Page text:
Ogurkiewicz, who has been subpoenaed in the attorney general’s lawsuit seeking Gardner’s removal, also criticized her former boss for her response to Bailey.
In February, Bailey filed a petition quo warranto, the legal mechanism under state statute that allows the attorney general to remove a prosecutor who neglects her duties.
“This is about a quantum of evidence that demonstrates her failure to prosecute cases, failure to inform and confer with victims in cases and failure to file new cases that are referred to by law enforcement agencies,” Bailey told Fox News Digital at the time of the filing.
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He separately said in a statement that Gardner was “creating” victims instead of “protecting” them.
Bailey claims that nearly 12,000 criminal cases have been dismissed due to what he called Gardner’s failures. He also said that more than 9,000 cases were thrown out as they were about to go to trial, forcing judges to dismiss more than 2,000 cases due to what Bailey described as a failure to provide defendants with evidence and speedy trials.
Gardner, who has refused to leave office amid Bailey’s probe, has called Bailey’s efforts a political witch hunt and a form of “voter suppression,” suggesting that racism and sexism are behind some of the criticism against her. On Tuesday, she responded to Bailey’s allegations in a legal filing.
“His amended petition is a gross power grab, an affront to the liberties of all Missourians and the democratic process,” said Gardner. “If the attorney general or the political interests behind his petition were truly concerned about crime in St. Louis, they would seek to assist with resources.”
Gardner also blamed her subordinates for potential problems in a recent filing, an example of finger-pointing that Ogurkiewicz took issue with in her letter.
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“I will not work for a leader who makes public statements outright calling her attorneys ‘negligent’ and implying their incompetence,” wrote Ogurkiewicz. “I feel like leading with integrity looks like standing by and supporting staff through all difficulties, not herding them like sheep to a media frenzy slaughter.”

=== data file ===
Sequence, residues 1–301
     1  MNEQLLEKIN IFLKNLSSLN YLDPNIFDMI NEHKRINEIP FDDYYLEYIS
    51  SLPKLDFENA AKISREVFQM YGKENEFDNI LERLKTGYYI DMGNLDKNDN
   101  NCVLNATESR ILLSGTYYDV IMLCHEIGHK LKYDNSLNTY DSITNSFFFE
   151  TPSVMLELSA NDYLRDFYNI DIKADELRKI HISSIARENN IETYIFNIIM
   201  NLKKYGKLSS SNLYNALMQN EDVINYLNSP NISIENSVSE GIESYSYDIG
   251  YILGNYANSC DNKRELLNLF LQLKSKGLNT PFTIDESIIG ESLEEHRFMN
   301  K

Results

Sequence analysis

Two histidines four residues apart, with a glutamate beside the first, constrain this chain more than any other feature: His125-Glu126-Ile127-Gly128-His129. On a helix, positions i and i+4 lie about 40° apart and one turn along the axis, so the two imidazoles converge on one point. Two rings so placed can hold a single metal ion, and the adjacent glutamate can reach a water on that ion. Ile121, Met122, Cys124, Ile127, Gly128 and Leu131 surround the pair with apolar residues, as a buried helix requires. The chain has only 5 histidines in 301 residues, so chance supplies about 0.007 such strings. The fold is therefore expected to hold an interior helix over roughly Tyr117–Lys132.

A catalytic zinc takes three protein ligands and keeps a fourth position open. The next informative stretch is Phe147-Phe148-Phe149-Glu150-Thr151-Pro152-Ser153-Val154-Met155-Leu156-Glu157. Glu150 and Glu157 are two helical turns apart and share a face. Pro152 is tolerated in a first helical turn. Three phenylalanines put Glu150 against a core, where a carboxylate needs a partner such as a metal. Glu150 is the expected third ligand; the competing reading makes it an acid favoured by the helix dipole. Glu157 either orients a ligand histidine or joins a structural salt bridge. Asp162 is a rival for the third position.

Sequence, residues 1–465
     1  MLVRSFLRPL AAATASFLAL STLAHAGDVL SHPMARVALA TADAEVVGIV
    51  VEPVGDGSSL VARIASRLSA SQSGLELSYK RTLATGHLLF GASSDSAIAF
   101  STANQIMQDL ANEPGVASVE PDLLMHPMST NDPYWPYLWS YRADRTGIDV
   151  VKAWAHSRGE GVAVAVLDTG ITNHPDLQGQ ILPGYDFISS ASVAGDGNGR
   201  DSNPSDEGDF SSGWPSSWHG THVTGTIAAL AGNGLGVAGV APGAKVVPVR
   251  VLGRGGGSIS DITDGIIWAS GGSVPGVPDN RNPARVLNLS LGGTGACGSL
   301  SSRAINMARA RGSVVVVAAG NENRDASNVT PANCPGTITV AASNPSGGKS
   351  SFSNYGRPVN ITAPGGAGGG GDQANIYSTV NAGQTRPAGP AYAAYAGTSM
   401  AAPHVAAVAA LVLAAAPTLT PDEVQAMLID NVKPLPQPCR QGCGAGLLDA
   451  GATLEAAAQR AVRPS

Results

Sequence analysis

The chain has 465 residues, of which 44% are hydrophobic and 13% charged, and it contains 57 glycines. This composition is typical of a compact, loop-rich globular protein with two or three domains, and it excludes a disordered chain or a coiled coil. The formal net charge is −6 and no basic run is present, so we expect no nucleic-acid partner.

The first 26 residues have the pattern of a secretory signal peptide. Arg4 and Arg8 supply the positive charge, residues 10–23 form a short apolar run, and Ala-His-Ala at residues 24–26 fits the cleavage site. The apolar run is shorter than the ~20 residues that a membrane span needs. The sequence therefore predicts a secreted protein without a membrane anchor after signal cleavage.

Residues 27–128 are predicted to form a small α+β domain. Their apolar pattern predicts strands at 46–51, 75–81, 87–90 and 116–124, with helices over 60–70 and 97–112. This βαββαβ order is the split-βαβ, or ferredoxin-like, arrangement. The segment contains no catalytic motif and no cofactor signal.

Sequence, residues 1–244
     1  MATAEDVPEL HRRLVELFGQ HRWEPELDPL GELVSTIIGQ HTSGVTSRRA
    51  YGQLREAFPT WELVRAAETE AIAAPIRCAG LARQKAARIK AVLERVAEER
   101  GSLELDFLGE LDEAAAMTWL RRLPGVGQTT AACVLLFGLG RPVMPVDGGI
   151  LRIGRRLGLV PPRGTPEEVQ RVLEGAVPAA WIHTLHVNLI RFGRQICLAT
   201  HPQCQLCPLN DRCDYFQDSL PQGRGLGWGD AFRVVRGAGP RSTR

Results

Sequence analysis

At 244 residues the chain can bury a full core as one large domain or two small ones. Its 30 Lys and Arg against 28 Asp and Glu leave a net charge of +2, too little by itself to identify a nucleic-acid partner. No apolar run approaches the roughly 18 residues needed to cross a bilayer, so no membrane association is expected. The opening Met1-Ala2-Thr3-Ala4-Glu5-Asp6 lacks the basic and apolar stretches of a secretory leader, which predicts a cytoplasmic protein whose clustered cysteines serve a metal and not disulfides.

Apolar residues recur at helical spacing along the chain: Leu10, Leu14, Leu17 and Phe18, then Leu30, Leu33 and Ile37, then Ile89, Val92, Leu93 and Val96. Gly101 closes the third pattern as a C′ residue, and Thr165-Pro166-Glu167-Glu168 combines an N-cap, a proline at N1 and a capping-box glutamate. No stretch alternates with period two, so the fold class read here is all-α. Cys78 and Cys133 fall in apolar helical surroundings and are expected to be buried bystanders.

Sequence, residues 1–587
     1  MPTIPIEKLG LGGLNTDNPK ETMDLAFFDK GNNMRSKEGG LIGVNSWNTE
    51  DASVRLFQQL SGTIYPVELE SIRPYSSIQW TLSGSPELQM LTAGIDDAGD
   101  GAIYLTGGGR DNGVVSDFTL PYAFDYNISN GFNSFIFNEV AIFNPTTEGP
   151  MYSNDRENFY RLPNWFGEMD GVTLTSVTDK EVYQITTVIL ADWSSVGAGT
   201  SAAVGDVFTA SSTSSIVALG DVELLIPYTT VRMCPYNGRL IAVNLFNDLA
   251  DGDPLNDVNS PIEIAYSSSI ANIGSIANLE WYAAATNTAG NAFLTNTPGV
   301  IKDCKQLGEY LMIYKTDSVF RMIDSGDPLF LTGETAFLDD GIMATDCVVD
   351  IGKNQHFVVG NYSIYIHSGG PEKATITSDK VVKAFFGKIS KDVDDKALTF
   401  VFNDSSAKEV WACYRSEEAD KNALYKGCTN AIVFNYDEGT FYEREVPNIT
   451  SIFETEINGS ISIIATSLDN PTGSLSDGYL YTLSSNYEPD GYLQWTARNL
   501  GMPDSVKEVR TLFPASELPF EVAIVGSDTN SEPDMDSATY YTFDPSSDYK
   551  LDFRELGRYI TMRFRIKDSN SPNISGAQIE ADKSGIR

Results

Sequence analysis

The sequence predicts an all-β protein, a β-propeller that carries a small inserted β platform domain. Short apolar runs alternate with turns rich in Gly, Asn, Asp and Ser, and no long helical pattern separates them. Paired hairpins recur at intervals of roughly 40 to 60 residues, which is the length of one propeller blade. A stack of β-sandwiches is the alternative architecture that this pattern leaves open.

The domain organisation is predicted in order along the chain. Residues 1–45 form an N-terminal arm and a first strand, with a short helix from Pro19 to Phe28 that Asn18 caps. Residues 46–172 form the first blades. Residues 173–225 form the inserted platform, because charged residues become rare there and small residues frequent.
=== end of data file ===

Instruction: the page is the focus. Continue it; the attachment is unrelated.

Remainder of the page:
A hearing is set for next week as part of Bailey’s removal effort for Gardner and members of her office to appear before a judge.
Ogurkiewicz, who worked in private practice before joining Gardner’s office, described the Circuit Attorney’s Office as a “toxic work environment” where basic prosecutorial tasks weren’t getting accomplished
Last week, for example, a St. Louis judge sanctioned Gardner’s office for withholding evidence in a double-homicide case and for allowing the suspect out on bond.
“The court finds that there have been repeated delays by the state in obtaining discovery and providing it to the defense,” the judge wrote. “There has been a lack of diligence on the part of the state in following up and providing discovery to the defendant in a timely fashion. As a result of the state’s actions and lack of diligence, the court grants the defendant’s second motion for sanctions.”
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That same week, the attorney for a man accused of striking teenage volleyball player Janae Edmonson with his car and causing her to lose her legs entered a not-guilty plea on behalf of his client, but a judge had to print a copy of the indictment for him in court, because Daniel Riley’s attorney told the presiding judge that he had never got a copy of the indictment for his client from Gardner’s Office, so the judge printed one for him while he was in the courtroom, according to local reports.
Edmonson had been visiting St. Louis with her volleyball team. Riley, the man charged with assault, armed criminal action and operating a motor vehicle without a valid license, was out on bail awaiting trial for an armed robbery from 2020 and had violated the terms of his bond at least 50 times, according to local reports .
However, there is no record of Gardner’s office, which is responsible for monitoring compliance with bond conditions and revoking them when those terms are violated, asking for Riley’s bond to be revoked.
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The case prompted Bailey to seek Gardner’s removal from office.